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Photo: Tom Brenner/Washington Post/Getty Images

U.S. District Judge Amy Berman Jackson ordered the White House on Thursday to preserve records of President Trump’s communications with foreign leaders, including those with Ukraine's president that have spurred an impeachment inquiry in the House, according to Politico.

Why it matters: Jackson's order seems to address concerns outlined in a whistleblower complaint that the White House has used procedures reserved for highly sensitive information to limit access to potentially damaging conversations between Trump and foreign leaders. CNN has reported that officials took steps to restrict access to Trump's calls with Vladimir Putin, Saudi Crown Prince Mohammed bin Salman and Chinese President Xi Jinping.

Details: Jackson ordered the White House to not destroy records of Trump's "meetings, phone calls, and other communications with foreign leaders," and to preserve "all records of efforts by White House or other executive branch officials to return, ‘claw back,’ ’lock down’ or recall White House records” about dealings with foreign officials, per Politico.

  • The order is the result of a lawsuit filed in May by a watchdog group and 2 history-focused organizations that alleged the Trump administration is violating the Presidential Records Act.
  • Though the suit predates Trump's phone call with Ukrainian President Volodymyr Zelensky, lawyers asked Jackson on Oct. 1 to issue a temporary restraining order, citing reports that records of Trump’s communications were being locked down.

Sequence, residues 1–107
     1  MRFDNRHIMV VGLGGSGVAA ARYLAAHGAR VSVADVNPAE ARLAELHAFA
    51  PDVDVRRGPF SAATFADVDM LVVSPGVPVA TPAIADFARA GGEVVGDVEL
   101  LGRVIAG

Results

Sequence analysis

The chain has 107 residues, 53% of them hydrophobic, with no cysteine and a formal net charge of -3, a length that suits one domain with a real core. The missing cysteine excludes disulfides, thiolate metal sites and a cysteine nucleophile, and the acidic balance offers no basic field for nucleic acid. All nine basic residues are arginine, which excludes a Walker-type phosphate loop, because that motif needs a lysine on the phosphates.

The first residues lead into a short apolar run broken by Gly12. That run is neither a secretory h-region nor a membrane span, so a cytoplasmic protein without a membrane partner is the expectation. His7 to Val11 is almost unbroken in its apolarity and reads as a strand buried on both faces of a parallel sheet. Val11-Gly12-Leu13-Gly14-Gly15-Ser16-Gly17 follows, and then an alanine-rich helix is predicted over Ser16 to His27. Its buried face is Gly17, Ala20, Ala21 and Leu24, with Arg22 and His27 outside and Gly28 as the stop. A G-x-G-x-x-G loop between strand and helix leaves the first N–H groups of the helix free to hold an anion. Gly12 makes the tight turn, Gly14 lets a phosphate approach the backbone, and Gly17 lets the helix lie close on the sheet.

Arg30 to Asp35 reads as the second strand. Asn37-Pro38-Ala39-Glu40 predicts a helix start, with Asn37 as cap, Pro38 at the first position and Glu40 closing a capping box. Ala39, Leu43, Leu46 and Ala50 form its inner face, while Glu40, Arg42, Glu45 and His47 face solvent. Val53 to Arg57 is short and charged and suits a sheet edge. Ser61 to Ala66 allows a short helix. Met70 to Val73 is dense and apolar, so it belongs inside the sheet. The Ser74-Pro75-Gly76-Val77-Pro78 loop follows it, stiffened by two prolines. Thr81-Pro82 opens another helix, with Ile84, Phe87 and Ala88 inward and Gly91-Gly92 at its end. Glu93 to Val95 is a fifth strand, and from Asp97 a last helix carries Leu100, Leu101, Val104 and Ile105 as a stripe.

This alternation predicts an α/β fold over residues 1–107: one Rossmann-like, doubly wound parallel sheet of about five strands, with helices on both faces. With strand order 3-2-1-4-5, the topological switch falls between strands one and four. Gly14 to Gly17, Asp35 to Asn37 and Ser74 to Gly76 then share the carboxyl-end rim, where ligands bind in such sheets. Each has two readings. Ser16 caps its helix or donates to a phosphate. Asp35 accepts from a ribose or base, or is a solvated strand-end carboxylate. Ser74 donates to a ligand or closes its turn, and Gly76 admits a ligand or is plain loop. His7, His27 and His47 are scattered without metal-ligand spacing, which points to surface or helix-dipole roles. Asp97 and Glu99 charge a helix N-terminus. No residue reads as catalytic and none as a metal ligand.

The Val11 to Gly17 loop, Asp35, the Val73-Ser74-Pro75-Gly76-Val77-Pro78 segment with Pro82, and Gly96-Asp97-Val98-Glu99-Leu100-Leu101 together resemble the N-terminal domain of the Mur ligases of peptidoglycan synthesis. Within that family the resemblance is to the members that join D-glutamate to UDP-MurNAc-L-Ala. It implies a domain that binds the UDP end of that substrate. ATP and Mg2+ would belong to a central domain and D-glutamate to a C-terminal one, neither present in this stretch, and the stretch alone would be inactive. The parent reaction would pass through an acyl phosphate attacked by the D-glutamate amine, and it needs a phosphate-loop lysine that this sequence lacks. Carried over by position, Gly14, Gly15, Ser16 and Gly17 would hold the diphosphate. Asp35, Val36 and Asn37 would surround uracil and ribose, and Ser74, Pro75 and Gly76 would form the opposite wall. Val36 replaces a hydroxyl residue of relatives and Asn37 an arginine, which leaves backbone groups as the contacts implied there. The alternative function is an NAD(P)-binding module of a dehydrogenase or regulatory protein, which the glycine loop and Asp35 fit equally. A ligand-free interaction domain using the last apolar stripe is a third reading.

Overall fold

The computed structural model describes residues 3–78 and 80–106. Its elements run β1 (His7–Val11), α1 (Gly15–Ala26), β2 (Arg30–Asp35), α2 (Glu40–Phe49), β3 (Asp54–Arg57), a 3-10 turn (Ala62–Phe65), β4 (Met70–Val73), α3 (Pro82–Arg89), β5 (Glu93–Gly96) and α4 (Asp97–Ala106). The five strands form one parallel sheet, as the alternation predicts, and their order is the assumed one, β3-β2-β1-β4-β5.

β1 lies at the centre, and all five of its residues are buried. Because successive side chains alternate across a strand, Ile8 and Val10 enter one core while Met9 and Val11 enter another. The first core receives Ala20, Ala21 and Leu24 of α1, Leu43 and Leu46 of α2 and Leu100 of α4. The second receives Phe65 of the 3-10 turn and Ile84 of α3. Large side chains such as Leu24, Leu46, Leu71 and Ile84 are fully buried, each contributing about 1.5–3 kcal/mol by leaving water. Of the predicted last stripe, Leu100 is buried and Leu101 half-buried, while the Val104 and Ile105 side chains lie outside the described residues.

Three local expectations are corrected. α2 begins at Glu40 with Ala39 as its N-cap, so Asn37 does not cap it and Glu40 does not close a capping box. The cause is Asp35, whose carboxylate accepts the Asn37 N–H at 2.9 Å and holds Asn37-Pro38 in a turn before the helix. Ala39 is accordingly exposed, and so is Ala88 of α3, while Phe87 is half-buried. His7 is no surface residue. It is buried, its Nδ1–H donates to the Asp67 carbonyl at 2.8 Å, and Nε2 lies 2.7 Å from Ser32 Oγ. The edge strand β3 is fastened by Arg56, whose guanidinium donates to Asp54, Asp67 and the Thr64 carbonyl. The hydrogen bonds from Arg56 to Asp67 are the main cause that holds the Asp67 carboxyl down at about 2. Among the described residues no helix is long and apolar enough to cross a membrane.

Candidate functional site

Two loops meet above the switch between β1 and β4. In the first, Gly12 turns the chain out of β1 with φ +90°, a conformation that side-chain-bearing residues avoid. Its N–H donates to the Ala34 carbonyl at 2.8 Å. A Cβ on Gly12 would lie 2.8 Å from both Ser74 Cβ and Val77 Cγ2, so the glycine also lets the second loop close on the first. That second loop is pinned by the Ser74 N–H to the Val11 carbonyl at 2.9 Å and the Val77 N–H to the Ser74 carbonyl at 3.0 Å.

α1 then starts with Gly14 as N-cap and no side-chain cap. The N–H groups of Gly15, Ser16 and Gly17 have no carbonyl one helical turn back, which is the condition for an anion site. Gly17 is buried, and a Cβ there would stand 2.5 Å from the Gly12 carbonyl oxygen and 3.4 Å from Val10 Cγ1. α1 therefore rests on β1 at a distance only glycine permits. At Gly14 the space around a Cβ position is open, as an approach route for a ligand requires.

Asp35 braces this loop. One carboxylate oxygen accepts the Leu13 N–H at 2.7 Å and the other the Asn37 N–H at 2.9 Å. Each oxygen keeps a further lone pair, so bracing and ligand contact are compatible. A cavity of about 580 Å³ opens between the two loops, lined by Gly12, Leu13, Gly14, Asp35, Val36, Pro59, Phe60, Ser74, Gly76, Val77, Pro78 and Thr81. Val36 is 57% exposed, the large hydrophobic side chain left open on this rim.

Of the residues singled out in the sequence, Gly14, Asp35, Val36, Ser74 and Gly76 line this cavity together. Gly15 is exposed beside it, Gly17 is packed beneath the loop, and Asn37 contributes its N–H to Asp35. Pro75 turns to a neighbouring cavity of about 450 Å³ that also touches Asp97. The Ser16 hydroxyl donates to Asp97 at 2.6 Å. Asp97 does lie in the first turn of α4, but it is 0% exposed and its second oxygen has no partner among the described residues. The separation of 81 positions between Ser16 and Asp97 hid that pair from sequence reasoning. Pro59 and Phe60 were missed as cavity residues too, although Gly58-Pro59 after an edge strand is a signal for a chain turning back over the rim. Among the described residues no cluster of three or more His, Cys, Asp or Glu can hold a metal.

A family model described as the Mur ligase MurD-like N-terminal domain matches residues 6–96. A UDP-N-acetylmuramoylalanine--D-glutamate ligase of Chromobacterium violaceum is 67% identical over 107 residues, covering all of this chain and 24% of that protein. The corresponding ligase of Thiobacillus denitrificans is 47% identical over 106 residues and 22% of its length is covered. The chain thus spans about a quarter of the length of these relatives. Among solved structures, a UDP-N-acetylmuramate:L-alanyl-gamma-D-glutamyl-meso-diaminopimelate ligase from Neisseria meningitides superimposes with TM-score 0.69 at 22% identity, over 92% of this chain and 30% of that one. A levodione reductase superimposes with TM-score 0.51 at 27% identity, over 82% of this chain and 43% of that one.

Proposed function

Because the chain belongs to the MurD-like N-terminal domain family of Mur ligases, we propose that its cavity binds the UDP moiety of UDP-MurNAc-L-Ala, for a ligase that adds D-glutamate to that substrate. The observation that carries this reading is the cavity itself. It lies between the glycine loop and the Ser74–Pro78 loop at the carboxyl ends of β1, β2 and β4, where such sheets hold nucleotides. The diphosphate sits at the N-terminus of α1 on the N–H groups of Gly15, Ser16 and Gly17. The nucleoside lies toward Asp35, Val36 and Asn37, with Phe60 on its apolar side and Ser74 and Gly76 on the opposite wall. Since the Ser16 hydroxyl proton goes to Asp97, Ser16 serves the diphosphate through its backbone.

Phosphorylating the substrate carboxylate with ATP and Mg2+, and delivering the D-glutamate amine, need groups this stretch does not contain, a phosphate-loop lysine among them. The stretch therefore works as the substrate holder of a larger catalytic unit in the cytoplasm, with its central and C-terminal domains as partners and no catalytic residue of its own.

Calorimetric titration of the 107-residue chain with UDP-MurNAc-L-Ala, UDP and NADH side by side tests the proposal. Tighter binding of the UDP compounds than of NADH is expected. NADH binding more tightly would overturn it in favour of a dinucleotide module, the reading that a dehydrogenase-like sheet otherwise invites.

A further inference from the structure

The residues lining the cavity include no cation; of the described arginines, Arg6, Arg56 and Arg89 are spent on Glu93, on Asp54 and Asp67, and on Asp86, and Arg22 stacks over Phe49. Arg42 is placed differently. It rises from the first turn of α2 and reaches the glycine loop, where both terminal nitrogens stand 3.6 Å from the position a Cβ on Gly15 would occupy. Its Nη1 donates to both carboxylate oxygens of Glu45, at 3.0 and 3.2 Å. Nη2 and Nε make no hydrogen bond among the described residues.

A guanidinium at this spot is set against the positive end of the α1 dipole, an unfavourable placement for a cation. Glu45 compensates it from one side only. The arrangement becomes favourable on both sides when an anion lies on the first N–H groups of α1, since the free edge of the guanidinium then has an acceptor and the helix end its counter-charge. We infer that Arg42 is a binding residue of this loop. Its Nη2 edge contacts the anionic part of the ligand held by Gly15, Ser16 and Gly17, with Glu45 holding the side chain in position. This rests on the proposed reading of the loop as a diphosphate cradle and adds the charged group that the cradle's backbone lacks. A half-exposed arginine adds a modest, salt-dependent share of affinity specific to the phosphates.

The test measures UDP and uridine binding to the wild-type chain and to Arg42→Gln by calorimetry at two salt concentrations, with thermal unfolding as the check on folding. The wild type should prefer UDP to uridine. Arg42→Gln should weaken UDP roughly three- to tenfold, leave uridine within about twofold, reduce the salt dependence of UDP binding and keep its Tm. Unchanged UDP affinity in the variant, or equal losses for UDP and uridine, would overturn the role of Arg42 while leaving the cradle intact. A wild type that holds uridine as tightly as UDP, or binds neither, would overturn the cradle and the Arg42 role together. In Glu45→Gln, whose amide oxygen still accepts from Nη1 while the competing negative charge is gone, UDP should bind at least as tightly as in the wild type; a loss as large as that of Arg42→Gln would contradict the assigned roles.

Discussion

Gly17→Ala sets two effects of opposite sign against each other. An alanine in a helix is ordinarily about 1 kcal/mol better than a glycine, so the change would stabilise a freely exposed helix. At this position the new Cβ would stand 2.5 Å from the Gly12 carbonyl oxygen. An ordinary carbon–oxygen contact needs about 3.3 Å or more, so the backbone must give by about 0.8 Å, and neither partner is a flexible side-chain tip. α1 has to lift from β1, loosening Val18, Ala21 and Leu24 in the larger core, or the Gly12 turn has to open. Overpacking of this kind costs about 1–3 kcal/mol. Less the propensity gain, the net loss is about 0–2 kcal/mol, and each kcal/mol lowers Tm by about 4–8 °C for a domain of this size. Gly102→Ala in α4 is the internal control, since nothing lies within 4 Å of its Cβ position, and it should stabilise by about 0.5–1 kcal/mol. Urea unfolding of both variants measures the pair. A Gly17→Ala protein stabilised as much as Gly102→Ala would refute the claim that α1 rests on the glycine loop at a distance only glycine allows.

• Jackson did not grant the restraining order, but she did file the request for 6 categories of records to be preserved.

The other side: Justice Department lawyers said in a court filing on Oct. 2 that the White House has taken steps to secure the records the plaintiffs are concern about.

  • Government lawyers in another court filing this week said they believe the suit lacks legal merit and asked Jackson to dismiss the lawsuit.

Go deeper: Second Ukraine whistleblower has "firsthand knowledge" of Trump allegations

Go deeper

100+ corporate executives consider freezing donations over laws curbing voting access

Illustration: Annelise Capossela/Axios

More than 100 corporate executives and leaders gathered on a zoom call Saturday to discuss ways to combat controversial voting bills that would restrict voting access that are being considered across the country, per the Washington Post.

Why it matters: American corporations flexed their advocacy muscles earlier this month when more than 100 companies signaled their opposition to Georgia's new voting law, inciting the wrath of GOP leaders, including former President Donald Trump and Senate Minority Leader Mitch McConnell.

6 hours ago - World

Defense Sec. Austin stresses U.S. commitment to Israel's security amid growing Iran tensions

Issei Kato/Reuters/Bloomberg via Getty Images

Secretary of Defense Lloyd Austin arrived for his first visit in Jerusalem amid nuclear talks in Vienna and growing tensions between Israel and Iran.

Why it matters: Austin met his counterpart Benny Gantz and will meet later with Prime Minister Netanyahu to discuss Iran and regional security issues.

"I was horrified": Leaders respond to footage of Black and Latino Army officer threatened at traffic stop

An Army officer is suing two Virginia police officers after he said they drew their guns and pepper-sprayed him during a traffic stop in December.

Why it matters: Footage of the incident has drawn widespread criticism from leaders and groups in the state. Caron Nazario, who is Black and Latino, is heard saying “I’m honestly afraid to get out," to which a police officer responds “Yeah, you should be," in a video from a body-worn camera.